Keywords: antioxidant activity, kefir, kefir supernatant, raw milk

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5185 Synthesis and Pharmaco-Potential Evaluation of Quinoline Hybrids

Authors: Paul Awolade, Parvesh Singh

Abstract:

The global threat of pathogenic resistance to available therapeutic agents has become a menace to clinical practice, public health and man’s existence inconsequential. This has therefore led to an exigency in the development of new molecular scaffolds with profound activity profiles. In this vein, a versatile synthetic tool for accessing new molecules by incorporating two or more pharmacophores into a single entity with the unique ability to be recognized by multiple receptors hence leading to an improved bioactivity, known as molecular hybridization, has been explored with tremendous success. Accordingly, aware of the similarity in pharmacological activity spectrum of quinoline and 1,2,3-triazole pharmacophores such as; anti-Alzheimer, anticancer, anti-HIV, antimalarial and antimicrobial to mention but a few, the present study sets out to synthesize hybrids of quinoline and 1,2,3-triazole. The hybrids were accessed via click chemistry using copper catalysed azide-alkyne 1,3-dipolar cycloaddition reaction. All synthesized compounds were evaluated for their pharmaco-potential in an antimicrobial assay out of which the 3-OH derivative emerged as the most active with MIC value of 4 μg/mL against Cryptococcus neoformans; a value superior to standard Fluconazole and comparable to Amphotericin B. Structures of synthesized hybrids were elucidated using appropriate spectroscopic techniques (1H, 13C and 2D NMR, FT-IR and HRMS).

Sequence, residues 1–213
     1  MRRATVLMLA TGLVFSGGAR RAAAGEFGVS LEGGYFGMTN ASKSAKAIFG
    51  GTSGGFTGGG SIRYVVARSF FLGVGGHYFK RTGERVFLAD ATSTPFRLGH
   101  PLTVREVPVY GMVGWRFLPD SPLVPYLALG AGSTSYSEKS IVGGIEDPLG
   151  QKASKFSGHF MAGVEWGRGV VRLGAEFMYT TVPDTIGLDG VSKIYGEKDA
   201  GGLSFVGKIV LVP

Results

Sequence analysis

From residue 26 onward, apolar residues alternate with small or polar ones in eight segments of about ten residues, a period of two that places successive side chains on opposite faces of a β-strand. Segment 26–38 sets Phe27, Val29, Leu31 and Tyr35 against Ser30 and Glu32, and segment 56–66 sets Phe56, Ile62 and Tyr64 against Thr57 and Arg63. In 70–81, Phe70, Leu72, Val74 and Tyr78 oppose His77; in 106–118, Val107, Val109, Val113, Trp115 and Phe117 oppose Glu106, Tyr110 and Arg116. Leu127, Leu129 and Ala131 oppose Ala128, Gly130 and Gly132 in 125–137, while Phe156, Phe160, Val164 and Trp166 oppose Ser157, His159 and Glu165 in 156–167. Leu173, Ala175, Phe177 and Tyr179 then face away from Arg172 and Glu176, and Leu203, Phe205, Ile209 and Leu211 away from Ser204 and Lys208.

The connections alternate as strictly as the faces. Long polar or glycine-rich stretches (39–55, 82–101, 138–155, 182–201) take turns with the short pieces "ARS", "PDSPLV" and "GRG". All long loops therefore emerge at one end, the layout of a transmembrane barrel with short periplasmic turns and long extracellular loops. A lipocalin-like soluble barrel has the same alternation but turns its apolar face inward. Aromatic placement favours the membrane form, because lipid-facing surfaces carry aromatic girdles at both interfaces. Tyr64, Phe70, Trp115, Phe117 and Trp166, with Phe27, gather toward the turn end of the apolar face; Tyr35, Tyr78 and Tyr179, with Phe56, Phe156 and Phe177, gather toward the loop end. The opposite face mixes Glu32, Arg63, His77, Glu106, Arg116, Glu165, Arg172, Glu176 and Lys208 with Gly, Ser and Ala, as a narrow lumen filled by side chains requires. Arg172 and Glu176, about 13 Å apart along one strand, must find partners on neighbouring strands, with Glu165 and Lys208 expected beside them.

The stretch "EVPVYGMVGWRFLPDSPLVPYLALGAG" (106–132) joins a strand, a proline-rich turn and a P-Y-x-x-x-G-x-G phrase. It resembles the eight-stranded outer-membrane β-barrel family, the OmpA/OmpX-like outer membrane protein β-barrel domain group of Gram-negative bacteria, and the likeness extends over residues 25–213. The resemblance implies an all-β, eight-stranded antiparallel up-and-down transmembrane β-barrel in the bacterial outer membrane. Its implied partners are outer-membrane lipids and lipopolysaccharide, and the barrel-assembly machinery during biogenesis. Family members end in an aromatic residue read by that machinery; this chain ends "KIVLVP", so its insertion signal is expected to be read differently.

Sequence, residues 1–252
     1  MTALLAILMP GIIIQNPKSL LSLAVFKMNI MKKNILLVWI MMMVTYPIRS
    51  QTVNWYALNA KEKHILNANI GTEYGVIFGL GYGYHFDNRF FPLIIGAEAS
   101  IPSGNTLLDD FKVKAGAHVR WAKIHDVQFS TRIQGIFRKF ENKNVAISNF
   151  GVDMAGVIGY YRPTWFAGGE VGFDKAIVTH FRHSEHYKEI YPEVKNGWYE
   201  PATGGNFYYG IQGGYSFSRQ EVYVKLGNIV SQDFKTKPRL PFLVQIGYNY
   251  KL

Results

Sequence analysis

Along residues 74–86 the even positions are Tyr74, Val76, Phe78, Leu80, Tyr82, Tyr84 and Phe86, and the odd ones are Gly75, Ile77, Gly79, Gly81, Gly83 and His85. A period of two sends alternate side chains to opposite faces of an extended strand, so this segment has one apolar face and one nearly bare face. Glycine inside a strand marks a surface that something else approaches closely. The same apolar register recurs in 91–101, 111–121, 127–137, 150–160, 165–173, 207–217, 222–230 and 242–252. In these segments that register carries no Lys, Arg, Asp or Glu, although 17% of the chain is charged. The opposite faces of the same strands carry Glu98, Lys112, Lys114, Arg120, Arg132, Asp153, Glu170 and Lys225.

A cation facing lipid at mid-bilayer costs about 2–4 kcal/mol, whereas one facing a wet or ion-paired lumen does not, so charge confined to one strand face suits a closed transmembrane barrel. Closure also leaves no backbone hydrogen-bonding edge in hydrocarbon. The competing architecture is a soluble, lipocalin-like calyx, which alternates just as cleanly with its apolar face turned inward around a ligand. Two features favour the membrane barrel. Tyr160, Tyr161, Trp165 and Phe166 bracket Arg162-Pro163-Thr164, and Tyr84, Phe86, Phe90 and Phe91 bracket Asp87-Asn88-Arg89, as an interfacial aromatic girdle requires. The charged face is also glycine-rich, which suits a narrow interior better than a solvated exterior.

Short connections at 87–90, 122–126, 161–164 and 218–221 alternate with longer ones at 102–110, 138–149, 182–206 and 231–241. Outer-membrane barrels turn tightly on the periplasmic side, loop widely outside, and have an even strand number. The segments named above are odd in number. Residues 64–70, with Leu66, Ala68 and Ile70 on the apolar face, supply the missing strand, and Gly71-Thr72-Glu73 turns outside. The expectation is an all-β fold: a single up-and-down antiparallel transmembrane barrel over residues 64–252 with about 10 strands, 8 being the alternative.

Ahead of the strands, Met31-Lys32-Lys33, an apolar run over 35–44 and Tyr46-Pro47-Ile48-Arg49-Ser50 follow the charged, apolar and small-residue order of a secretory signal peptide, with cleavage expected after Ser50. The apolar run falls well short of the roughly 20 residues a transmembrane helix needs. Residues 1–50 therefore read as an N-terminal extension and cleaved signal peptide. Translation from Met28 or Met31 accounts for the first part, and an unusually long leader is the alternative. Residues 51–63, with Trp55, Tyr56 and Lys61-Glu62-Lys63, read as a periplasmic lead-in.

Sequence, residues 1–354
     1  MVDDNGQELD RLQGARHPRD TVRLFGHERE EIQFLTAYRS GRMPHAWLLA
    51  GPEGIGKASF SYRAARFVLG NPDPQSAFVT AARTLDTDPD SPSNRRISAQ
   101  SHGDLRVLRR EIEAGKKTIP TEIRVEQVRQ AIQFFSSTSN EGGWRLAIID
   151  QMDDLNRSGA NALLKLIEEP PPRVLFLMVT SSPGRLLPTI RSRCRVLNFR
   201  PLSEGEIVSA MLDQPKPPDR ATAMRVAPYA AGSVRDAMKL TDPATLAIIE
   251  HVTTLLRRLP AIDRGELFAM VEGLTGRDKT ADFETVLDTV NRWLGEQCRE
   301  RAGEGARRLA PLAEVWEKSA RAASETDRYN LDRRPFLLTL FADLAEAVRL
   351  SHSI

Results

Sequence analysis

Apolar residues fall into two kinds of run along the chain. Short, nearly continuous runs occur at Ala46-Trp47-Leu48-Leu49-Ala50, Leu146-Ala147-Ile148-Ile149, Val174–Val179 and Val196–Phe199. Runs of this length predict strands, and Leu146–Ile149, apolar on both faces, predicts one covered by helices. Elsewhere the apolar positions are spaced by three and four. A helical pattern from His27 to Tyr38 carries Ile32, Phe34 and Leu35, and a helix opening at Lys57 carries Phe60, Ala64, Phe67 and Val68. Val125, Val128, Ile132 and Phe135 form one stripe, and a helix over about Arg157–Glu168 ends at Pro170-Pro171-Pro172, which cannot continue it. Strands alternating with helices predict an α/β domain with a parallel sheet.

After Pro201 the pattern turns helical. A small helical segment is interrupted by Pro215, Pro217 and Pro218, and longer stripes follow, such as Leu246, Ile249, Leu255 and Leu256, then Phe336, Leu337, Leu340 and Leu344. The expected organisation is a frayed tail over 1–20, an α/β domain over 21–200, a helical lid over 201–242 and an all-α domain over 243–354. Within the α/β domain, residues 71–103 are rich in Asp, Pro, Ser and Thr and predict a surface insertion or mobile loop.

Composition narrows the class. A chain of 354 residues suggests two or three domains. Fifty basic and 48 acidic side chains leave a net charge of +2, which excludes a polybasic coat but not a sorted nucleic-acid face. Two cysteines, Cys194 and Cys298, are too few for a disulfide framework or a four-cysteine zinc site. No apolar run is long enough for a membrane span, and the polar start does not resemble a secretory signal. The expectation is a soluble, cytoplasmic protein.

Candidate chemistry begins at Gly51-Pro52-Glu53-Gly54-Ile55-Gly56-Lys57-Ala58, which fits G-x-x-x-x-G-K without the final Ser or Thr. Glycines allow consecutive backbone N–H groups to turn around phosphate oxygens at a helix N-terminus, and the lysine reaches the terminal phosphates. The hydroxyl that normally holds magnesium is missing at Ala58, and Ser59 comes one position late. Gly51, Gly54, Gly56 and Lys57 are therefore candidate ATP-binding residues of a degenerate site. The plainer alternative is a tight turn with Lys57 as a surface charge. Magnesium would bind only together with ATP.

Keywords: bioisostere, click chemistry, molecular hybridization, quinoline, 1, 2, 3-triazole

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5184 Biological Activity of Essential Oils from Salvia nemorosa L.

Authors: Abdol-Hassan Doulah

Abstract: